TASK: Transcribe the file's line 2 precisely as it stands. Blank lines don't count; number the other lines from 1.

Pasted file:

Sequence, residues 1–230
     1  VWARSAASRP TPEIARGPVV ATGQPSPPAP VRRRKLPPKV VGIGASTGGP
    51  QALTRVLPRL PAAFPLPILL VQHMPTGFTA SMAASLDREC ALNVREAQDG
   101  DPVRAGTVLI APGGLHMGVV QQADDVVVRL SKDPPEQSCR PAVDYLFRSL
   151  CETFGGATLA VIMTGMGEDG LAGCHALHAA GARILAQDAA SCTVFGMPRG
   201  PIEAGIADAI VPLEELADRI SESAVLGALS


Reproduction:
     1  VWARSAASRP TPEIARGPVV ATGQPSPPAP VRRRKLPPKV VGIGASTGGP